Among the best was “Esrever,” a five-minute comedy by Bryan Johnson that’s just as good the second time as it was when it won the Audience Choice Award at the Grand’s 72 Hour Film Competition earlier this year. The concept – a self-infatuated film director who invents a new technique of filming movies backwards in order to play them in reverse – is made funnier by local actors, silly stunt scenes and the like.

Also well-made, “The One” (Jason Daniel) offers a behind-the-scenes version of video game avatars, with funny commentary and a big kick at the end.

“Tacoma’s Rock-n-Roll Legends,” meanwhile, is a 25-minute documentary by Randy Sparks that gives a primer on how the 1950s and ‘60s Tacoma garage rock scene bust out a national music identity and paved the way for 1990s grunge. Read more »


Vicci Martinez, Fab-5, Recess Monkey, Squeak Squawk and Double Shot Theatre among many offerings at Broadway Center’s Fall Free for All later this month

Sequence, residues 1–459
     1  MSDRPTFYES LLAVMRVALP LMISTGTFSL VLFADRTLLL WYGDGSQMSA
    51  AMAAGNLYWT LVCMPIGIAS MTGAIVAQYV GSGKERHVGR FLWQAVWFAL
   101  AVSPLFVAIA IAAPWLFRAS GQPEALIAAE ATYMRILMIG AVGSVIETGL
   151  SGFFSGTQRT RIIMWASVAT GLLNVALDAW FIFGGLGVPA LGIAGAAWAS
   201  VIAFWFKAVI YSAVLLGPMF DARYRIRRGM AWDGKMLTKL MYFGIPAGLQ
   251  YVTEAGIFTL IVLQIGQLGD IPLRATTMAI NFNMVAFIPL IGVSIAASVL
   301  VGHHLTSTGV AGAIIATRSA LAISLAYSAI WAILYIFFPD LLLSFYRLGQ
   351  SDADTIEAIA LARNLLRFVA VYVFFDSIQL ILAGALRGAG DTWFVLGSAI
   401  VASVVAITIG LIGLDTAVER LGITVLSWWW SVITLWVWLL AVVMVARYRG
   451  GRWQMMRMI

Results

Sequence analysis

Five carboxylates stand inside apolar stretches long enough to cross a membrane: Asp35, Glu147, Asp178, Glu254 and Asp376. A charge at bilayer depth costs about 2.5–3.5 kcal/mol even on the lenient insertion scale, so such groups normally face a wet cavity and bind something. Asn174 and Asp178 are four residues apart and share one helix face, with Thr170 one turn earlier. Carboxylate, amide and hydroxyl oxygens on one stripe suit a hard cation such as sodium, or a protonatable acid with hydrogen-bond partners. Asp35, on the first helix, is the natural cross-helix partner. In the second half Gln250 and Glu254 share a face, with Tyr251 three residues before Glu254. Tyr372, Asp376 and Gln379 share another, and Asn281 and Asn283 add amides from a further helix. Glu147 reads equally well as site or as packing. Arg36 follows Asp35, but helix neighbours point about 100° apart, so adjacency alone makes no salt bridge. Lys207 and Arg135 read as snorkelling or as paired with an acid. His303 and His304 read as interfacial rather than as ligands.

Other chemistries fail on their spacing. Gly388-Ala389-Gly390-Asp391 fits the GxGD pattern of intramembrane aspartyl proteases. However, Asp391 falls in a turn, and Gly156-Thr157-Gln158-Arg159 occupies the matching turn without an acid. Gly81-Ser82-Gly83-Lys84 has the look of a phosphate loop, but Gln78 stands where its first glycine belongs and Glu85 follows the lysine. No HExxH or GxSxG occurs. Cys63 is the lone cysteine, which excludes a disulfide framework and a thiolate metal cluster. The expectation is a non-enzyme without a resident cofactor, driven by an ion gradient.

Put it on your calendar now – the 2012 Fall Free for All festival, organized by Tacoma’s Broadway Center for Perfoming Arts September 21-22, is bigger and better than ever, with headline acts like singer-songwriter Vicci Martinez and kindie rockers Recess Monkey. Best of all, it’s still all free.

A teaser for the Broadway Center’s new season and an enticement to get new theater-goers downtown, the Fall Free for All was a success last year, though Sunday saw far fewer crowds and a less festive atmosphere. This year, though, the headline act Vicci Martinez is sure to draw crowds, and

Read more »